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« Reply #23 on: February 02, 2013, 09:46:24 PM »

Wake up and be too late to pray in the morning, be too exhausted to pray before bed.
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« Reply #24 on: February 02, 2013, 09:52:23 PM »

I use an app called Pray Always. I forget who makes it.
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« Reply #25 on: February 02, 2013, 10:04:39 PM »

I use an app called Pray Always. I forget who makes it.

I have this app as well.
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« Reply #26 on: February 02, 2013, 10:30:09 PM »

Hey Punch, think you could share the name of that App? Is it available for the iPhone?

http://www.holytrinityorthodox.com/index.html

Above is the home page for the Church.  The app is available for the iPhone.
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« Reply #27 on: February 03, 2013, 04:07:50 AM »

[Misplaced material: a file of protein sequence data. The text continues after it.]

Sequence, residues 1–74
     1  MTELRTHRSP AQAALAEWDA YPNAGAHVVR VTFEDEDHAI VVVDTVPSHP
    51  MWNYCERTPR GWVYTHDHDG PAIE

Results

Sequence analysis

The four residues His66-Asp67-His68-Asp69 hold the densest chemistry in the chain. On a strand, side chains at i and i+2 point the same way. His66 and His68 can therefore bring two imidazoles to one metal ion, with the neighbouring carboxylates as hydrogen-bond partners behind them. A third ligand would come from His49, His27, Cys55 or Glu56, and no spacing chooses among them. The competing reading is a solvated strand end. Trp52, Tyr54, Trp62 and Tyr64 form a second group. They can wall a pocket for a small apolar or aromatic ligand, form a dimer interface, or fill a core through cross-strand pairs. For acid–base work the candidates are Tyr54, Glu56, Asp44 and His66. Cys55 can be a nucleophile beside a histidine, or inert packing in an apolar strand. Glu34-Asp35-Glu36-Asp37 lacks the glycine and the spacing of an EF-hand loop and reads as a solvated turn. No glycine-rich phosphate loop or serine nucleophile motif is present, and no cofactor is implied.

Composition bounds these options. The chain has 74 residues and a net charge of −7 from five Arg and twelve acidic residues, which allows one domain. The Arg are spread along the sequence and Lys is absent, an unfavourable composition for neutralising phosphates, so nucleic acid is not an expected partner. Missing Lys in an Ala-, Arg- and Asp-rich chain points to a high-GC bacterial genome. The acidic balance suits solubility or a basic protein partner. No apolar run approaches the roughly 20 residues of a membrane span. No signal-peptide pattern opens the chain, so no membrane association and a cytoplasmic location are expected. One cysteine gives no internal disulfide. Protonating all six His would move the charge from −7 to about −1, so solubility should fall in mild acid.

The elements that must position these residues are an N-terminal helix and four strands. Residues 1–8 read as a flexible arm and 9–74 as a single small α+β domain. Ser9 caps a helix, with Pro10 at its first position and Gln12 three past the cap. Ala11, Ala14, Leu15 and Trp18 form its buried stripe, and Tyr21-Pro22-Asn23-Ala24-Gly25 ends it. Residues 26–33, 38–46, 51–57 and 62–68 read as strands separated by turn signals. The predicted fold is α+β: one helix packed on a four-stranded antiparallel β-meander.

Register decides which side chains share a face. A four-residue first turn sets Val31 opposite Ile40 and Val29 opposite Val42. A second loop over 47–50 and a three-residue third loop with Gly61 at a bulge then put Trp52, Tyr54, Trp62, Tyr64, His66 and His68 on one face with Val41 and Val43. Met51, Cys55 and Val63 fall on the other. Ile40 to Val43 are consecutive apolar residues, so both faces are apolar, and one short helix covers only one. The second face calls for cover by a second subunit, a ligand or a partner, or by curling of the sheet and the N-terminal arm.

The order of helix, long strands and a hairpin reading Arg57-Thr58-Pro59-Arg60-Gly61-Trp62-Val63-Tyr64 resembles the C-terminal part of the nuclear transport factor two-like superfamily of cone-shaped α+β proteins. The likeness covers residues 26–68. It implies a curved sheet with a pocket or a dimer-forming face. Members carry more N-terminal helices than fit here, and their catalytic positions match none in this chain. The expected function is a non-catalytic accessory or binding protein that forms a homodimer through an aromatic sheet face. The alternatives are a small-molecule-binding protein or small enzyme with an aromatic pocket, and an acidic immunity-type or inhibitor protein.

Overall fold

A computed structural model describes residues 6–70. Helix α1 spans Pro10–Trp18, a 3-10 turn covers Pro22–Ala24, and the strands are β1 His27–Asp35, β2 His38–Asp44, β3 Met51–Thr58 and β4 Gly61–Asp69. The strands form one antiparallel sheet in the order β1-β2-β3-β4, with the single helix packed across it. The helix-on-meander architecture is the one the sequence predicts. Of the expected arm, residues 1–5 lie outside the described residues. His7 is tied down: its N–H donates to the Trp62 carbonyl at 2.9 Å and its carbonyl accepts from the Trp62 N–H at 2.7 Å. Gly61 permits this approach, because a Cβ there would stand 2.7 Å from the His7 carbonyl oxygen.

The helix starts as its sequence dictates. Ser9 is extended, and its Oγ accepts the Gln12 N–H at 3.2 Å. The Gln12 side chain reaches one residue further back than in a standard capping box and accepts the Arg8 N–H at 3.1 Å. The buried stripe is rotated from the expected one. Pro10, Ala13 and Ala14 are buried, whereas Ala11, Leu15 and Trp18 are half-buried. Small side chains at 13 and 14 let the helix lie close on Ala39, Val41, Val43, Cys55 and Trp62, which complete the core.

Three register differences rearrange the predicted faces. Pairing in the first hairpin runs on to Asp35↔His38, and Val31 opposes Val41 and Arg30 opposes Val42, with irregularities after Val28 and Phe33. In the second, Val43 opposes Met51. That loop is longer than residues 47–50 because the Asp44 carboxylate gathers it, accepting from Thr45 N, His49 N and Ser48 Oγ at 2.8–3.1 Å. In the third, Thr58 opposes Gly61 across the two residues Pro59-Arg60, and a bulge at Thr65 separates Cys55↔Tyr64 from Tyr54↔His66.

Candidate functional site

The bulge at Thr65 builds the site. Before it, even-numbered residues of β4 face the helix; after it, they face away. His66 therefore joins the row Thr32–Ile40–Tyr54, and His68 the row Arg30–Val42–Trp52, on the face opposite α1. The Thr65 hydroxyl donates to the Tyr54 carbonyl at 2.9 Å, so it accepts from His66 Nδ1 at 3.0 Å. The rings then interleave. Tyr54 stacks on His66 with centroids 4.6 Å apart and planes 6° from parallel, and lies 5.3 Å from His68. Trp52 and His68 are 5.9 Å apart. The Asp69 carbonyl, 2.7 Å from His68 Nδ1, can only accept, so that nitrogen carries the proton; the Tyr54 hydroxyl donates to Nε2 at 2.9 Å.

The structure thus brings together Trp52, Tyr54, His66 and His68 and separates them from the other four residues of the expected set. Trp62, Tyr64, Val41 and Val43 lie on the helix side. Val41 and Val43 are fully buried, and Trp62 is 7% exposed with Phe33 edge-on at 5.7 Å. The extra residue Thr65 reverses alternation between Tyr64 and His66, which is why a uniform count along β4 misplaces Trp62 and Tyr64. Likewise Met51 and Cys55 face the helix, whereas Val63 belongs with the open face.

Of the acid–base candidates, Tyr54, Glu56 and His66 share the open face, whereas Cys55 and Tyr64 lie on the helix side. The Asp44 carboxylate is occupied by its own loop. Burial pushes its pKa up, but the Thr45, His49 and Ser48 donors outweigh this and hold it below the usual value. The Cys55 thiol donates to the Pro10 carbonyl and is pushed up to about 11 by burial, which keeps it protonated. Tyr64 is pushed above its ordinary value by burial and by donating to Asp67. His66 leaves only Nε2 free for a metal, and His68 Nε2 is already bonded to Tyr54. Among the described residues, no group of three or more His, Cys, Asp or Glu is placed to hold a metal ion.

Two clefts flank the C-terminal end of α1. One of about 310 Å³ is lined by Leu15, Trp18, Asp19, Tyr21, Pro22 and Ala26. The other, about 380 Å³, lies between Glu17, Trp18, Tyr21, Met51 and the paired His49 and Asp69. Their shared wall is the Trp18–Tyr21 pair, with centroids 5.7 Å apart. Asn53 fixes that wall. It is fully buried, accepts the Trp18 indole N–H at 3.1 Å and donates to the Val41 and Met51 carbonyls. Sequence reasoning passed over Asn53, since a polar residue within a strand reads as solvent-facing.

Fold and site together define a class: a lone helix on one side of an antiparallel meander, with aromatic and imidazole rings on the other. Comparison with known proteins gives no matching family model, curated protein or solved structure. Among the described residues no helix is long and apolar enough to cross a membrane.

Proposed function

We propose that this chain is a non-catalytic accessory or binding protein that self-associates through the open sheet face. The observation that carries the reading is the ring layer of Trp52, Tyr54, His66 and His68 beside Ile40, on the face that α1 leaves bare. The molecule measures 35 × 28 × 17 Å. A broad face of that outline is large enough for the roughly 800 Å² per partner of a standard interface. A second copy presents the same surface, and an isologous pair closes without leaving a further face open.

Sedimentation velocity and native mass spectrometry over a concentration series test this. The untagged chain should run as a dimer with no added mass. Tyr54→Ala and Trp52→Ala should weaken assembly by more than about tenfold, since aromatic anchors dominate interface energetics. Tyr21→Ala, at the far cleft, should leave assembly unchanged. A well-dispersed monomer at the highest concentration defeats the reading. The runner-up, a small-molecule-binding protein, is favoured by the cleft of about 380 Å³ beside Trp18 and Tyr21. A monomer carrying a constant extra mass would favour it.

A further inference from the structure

The Cell Rule of Five Hundred of the Optina Monastery  aka Optina 500

After the customary three prostrations performed at the commencement of every rule of prayer: (1) God, be merciful to me a sinner. (2) God be gracious unto my sins and have mercy on me. (3) O Thou Who hast fashioned me, Lord, have mercy. I have sinned beyond measure, O Lord, forgive me. In one's cell a fourth prostration is added together with the prayer: My Lady, Most Holy Theotokos, save me a sinner. Then the following prayers are said:

    Through the Prayers of our holy Fathers, Lord Jesus Christ our God, have mercy on us. Amen.

    Glory to Thee, our God, glory to Thee. O Heavenly King. Holy God (3). Glory. Both Now. Amen.

    All Holy Trinity. Lord, have mercy (3). Glory. Both Now. Amen.